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Employees at a Clinton County orchard install hail netting to a row of apple trees A. Galimberti
PEST CONTROL: Employees at a Clinton County orchard install hail netting to a row of apple trees. A trial looked at the feasibility of using hail netting to control several invasive pests

Researchers keep bugs away using nothing but net

Hail netting may be able to protect orchards from invasive pests as well as hail damage.

In-orchard research funded by the Northern New York Agricultural Development Program is helping apple growers respond to pests with the latest management practices.

With a grant from the Northern New York Agricultural Development Program, Michael Basedow, a tree fruit specialist with Cornell Extension’s Eastern New York Commercial Horticulture Program, provided weekly pest scouting data to help growers respond to orchard pests with appropriate pest management tactics. He also initiated a project to evaluate whether exclusion netting, used for protecting apples from hailstorm damage, might also protect the fruit from orchard pests.

"Pest management is one of the largest investments fruit growers must make in terms of time, labor and materials to produce marketable fruit and maintain healthy trees," Basedow says.
A series of hailstorms in 2017 damaged the regional apple crop. One grower reported more than 60% damage.

"Growers selling hail-damaged fruit for juice that would otherwise have sold at retail prices can see as much as a 98% decrease in the economic value of their crop,” Basedow says.

Testing the netting

He worked with commercial growers in Clinton and Essex counties who installed hail netting. Trials in France and Quebec, Canada, showed success in limiting damage by codling moth and other orchard pests, but the use of drape-style netting was not well-evaluated under North Country orchard conditions.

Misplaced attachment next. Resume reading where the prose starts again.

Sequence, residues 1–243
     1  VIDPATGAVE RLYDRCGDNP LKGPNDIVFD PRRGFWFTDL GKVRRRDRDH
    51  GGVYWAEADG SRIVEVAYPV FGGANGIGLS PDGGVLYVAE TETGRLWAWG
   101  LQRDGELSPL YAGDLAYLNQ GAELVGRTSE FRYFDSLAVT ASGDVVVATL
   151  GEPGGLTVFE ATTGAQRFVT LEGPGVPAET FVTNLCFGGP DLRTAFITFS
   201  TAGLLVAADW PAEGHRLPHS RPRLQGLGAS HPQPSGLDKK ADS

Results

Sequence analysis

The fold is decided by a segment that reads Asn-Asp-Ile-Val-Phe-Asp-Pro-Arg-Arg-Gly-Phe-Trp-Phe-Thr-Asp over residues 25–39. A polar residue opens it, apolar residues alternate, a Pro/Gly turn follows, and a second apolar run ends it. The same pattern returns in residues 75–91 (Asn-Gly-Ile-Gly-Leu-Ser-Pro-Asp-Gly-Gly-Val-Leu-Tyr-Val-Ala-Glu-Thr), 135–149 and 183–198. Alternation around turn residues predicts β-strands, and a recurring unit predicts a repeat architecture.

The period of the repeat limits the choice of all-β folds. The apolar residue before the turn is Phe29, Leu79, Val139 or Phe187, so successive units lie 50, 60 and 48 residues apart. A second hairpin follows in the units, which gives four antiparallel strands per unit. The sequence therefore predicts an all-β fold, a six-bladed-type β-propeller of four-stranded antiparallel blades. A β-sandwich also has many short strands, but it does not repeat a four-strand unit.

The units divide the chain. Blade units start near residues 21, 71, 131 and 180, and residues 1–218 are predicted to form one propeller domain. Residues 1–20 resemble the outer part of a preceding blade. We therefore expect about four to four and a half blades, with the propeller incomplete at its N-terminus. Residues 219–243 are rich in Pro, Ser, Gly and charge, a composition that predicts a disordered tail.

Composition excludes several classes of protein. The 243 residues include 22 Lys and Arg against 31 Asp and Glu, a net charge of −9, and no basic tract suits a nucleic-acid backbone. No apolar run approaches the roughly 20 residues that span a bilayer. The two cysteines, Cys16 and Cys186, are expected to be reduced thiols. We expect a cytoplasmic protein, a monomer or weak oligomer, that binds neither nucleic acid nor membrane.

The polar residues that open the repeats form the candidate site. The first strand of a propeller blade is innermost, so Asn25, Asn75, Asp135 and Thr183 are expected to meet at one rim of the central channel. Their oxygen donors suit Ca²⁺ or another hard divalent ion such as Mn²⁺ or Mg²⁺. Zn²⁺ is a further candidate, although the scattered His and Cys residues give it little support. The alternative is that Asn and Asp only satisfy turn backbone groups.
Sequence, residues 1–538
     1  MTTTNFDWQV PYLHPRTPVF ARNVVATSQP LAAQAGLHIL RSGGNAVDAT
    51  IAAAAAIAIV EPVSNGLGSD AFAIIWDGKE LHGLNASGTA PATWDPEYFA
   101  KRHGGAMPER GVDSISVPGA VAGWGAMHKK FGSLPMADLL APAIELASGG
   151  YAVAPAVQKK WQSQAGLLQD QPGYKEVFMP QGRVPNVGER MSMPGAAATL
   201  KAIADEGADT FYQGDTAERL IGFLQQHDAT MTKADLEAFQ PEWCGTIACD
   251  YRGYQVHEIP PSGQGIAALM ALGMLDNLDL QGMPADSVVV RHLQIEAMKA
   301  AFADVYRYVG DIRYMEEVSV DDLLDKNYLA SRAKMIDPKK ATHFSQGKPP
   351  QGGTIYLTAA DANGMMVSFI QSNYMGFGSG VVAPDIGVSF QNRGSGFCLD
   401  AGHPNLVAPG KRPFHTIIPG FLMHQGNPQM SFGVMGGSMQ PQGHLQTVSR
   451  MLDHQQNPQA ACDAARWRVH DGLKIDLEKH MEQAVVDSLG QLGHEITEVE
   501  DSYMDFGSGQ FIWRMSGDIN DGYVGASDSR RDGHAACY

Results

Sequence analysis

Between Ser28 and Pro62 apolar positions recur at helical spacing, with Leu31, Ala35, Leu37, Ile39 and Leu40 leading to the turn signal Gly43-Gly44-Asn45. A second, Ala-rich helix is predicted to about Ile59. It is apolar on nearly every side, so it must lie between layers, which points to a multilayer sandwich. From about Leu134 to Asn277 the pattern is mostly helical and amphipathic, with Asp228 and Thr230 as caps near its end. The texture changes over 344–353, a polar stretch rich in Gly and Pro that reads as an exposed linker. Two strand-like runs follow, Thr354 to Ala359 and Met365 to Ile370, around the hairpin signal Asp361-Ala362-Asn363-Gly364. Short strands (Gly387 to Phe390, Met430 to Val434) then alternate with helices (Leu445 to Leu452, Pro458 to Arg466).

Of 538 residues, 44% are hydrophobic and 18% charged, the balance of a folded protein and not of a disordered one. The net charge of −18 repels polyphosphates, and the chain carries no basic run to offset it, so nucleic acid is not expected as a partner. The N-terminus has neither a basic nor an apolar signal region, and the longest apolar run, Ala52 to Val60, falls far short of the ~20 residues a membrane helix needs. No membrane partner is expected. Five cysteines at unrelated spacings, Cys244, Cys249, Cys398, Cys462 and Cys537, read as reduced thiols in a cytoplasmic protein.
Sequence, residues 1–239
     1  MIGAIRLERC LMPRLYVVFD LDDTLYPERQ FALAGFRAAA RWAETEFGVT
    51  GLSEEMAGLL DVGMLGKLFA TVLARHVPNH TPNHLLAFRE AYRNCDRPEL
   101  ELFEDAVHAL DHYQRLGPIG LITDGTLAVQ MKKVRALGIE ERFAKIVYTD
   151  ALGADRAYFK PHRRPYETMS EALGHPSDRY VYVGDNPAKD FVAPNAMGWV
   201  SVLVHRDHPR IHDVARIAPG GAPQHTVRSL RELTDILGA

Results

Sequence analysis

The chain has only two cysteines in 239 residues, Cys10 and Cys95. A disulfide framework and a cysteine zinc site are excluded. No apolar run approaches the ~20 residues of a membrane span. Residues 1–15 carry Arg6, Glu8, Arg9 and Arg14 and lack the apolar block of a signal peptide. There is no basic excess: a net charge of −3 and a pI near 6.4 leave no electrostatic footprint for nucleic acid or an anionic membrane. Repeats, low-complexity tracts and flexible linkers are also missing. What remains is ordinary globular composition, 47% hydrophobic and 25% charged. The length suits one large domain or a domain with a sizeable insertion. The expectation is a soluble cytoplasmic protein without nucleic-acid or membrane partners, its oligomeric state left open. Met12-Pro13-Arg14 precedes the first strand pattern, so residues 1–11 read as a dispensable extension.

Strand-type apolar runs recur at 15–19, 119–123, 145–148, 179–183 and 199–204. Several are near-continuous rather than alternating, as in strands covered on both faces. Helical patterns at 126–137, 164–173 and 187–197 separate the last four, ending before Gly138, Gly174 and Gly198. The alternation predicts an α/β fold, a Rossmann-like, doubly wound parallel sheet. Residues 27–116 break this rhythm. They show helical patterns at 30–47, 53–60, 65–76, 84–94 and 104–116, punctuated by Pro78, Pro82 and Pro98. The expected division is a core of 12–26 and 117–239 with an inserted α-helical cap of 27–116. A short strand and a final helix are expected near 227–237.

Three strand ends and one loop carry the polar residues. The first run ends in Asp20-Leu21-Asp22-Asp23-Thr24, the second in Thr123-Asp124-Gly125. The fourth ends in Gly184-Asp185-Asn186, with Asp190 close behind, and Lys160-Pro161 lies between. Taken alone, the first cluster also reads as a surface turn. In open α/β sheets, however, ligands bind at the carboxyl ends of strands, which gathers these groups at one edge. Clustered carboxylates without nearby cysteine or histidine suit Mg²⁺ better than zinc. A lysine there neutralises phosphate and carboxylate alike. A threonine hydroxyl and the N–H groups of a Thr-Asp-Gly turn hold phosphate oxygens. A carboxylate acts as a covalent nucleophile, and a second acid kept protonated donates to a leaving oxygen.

"We are constantly looking at ways to increase the use of integrated pest management practices that allow us to produce a commercially viable crop while also making the best use of growers' time, labor and money. We wanted to see if the hail netting might be an effective practice to add to our apple growers' IPM toolbox," he says.

The trial provided weekly trap data on four key apple pests: codling moth, Oriental fruit moth, obliquebanded leafroller and apple maggot.

"Results from the trial showed that traps in the trees under the netting caught significantly fewer of the four key pests compared to the unnetted trees,” he says, but "the pest pressure levels in 2018 for three of the four key pests was such that the feasibility of using hail netting for pest exclusion is still uncertain. The netting may help reduce pest numbers enough to reduce the total number of orchard sprays needed for some pests, such as apple maggot, where spray decisions are based on well-established economic thresholds."

He adds that the sites with the most effective pest exclusion were those where hail netting was tied to the lower limbs and trunks of the apple trees. The orchard with the best control applied the netting to trees grown to a tall spindle training system with the netting secured tightly to the trunks.

The project provided more than 450 orchard businesses with weekly pest scouting data in 2018. The full project report is posted on the NNYADP website at

Source: Northern New York Agricultural Development Program, which is solely responsible for the information provided and is wholly owned by the source. Informa Business Media and all its subsidiaries are not responsible for any of the content contained in this information asset.
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